Volkswagen's former personnel chief, Peter Hartz, goes on trial Wednesday in a corruption case that has shone an unsavory light on the cozy relationship between the company's management and labor representatives.
The case against Hartz and others rests on accusations that key labor officials at the company - including a current member of the German parliament - were showered with illegally financed perks, including trips and prostitutes.
Hartz, who once advised former Chancellor Gerhard Schroeder on how to streamline Germany's jobless benefit system, faces up to five years in prison or fines if convicted of breach of trust.
Hartz faces 44 charges of breach of trust for alleged offenses including awarding "special bonuses" worth $2.5 million in VW funds to Klaus Volkert, the former head of the company's powerful employee council, and paying $520,000 to Volkert's lover.
Prosecutors have, however, dropped from the case against Hartz charges related to the alleged use of company funds to pay for prostitutes - which, they say, caused the company far less financial damage than the alleged bonus payments.
Hartz, who resigned from Volkswagen in 2005, has not publicly commented on the charges, nor has his lawyer. The trial is expected to feature at least two court sessions, but no date has been set for a verdict.
The case suggests a seamy side to the close partnership between Volkswagen and its labor representatives, who under German law sit on the board of directors and must be consulted on major new initiatives such as where to locate new production.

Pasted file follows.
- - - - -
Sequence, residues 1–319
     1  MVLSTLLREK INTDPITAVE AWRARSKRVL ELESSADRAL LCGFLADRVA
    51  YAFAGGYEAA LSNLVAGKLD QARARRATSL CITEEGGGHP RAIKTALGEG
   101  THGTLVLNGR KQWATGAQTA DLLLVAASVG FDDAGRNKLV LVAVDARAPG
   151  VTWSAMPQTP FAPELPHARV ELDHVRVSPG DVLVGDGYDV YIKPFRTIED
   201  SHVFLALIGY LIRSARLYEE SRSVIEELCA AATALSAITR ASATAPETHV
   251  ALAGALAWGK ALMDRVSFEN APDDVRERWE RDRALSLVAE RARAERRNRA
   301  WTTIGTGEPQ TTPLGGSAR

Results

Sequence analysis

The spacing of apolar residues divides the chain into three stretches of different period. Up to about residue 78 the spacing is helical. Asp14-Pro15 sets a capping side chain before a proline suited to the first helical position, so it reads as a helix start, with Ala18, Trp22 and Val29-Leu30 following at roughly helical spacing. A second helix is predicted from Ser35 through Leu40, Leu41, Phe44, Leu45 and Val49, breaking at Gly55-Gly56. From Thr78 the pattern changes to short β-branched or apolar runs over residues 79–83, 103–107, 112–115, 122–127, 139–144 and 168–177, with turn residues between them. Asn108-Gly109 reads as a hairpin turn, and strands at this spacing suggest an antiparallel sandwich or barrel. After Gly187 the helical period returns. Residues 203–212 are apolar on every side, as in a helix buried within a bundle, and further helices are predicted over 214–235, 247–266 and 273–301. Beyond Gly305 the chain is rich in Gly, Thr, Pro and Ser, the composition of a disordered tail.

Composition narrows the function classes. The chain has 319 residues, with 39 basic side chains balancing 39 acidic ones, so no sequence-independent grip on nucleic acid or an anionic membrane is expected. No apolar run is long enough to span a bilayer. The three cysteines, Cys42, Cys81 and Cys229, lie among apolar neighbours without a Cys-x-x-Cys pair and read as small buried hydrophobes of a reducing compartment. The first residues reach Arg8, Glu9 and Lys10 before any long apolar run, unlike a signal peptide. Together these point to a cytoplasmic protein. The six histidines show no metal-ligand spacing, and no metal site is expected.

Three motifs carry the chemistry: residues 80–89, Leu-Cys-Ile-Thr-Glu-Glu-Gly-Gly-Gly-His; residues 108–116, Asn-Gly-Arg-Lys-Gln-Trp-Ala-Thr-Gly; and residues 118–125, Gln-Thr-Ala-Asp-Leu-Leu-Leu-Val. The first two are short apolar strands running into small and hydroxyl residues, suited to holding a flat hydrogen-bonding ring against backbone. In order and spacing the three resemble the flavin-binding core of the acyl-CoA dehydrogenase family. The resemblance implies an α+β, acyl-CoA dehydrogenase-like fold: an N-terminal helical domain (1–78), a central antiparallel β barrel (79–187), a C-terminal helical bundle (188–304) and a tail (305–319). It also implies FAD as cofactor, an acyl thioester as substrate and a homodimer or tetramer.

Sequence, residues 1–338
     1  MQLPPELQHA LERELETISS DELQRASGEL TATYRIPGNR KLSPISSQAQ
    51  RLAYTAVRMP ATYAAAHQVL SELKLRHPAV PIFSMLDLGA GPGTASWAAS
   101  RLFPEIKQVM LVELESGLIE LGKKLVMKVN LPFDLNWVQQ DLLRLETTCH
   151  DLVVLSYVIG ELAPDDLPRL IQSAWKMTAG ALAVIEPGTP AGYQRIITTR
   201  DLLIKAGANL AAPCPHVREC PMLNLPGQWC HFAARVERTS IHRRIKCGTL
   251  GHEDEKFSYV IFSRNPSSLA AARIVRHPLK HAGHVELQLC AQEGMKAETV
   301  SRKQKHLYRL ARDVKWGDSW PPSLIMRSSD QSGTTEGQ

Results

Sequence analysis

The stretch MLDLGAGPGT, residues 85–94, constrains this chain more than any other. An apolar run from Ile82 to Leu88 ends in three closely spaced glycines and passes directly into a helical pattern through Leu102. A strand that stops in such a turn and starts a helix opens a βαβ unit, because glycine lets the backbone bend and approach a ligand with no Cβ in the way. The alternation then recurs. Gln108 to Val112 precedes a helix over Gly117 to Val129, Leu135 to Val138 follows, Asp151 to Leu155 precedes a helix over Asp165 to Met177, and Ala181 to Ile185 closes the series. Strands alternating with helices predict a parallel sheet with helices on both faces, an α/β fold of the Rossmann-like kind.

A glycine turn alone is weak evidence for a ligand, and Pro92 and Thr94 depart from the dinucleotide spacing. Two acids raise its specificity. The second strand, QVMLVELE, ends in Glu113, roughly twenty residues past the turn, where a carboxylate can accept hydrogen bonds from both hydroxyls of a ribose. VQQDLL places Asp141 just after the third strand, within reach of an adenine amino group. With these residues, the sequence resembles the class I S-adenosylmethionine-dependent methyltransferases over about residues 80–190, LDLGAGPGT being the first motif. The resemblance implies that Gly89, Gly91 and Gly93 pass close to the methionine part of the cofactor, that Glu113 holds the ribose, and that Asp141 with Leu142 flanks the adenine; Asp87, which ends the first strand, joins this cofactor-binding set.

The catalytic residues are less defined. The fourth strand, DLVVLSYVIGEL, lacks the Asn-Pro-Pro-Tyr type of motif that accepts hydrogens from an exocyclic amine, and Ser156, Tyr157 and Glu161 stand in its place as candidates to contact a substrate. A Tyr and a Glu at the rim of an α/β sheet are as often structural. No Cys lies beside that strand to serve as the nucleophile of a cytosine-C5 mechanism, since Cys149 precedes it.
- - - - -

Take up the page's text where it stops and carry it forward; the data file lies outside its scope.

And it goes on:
The two sides traditionally have worked together to preserve jobs through methods such as shorter work weeks - a key goal of one of the company's largest shareholders, the state of Lower Saxony.
Thirteen people are being investigated, but only Hartz and Hans-Juergen Uhl, a lawmaker for the center-left Social Democrats, have been indicted.
Uhl, a former member of Volkswagen's works council, was charged with two counts of being an accessory to breach of trust and five counts of making false statements while under oath.
Prosecutors in Braunschweig have said Uhl participated in events in Barcelona and Seoul in 2001 "during the course of which the services of prostitutes allegedly were called upon."
Federal lawmakers voted to lift his parliamentary immunity so he could be prosecuted, but he remains in parliament. He has denied wrongdoing.
Volkert was arrested Nov. 21 after prosecutors said he tried to pressure another suspect in the case to tone down evidence given against him.
He was released in December, and no formal charges have been brought, but court spokesman Ingo Gross said the Braunschweig court considers him a suspect on 33 counts of inciting breach of trust.
The company also faces separate investigations on executives' alleged taking of bribes from would-be suppliers to the company in an effort to court business, as well as the formation of front companies to secure foreign contracts.
Volkswagen has weathered the scandal in terms of earnings. In October, it posted a 77% increase in net profits to 1.21 billion euros and stronger sales for the first nine months of the year, despite high restructuring costs.